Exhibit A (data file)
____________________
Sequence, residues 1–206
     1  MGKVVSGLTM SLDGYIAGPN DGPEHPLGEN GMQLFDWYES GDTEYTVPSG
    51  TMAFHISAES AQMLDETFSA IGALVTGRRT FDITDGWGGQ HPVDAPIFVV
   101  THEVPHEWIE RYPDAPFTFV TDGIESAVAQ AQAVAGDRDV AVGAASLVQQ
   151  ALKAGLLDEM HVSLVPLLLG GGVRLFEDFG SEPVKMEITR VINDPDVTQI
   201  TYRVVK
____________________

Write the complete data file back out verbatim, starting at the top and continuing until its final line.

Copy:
Sequence, residues 1–206
     1  MGKVVSGLTM SLDGYIAGPN DGPEHPLGEN GMQLFDWYES GDTEYTVPSG
    51  TMAFHISAES AQMLDETFSA IGALVTGRRT FDITDGWGGQ HPVDAPIFVV
   101  THEVPHEWIE RYPDAPFTFV TDGIESAVAQ AQAVAGDRDV AVGAASLVQQ
   151  ALKAGLLDEM HVSLVPLLLG GGVRLFEDFG SEPVKMEITR VINDPDVTQI
   201  TYRVVK